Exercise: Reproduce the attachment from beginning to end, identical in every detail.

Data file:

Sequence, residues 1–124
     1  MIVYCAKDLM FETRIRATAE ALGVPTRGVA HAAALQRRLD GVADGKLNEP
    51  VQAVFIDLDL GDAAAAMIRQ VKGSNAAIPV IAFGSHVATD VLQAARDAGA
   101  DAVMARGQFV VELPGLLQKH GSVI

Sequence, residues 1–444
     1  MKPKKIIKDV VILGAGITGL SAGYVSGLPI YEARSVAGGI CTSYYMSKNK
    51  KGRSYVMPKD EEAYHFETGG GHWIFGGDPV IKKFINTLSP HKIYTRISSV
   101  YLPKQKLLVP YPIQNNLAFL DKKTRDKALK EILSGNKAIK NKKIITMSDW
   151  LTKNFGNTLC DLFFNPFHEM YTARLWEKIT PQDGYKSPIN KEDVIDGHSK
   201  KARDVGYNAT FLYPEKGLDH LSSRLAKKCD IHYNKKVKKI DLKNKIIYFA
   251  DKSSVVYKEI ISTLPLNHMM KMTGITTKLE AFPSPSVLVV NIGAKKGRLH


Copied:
Sequence, residues 1–124
     1  MIVYCAKDLM FETRIRATAE ALGVPTRGVA HAAALQRRLD GVADGKLNEP
    51  VQAVFIDLDL GDAAAAMIRQ VKGSNAAIPV IAFGSHVATD VLQAARDAGA
   101  DAVMARGQFV VELPGLLQKH GSVI

Sequence, residues 1–444
     1  MKPKKIIKDV VILGAGITGL SAGYVSGLPI YEARSVAGGI CTSYYMSKNK
    51  KGRSYVMPKD EEAYHFETGG GHWIFGGDPV IKKFINTLSP HKIYTRISSV
   101  YLPKQKLLVP YPIQNNLAFL DKKTRDKALK EILSGNKAIK NKKIITMSDW
   151  LTKNFGNTLC DLFFNPFHEM YTARLWEKIT PQDGYKSPIN KEDVIDGHSK
   201  KARDVGYNAT FLYPEKGLDH LSSRLAKKCD IHYNKKVKKI DLKNKIIYFA
   251  DKSSVVYKEI ISTLPLNHMM KMTGITTKLE AFPSPSVLVV NIGAKKGRLH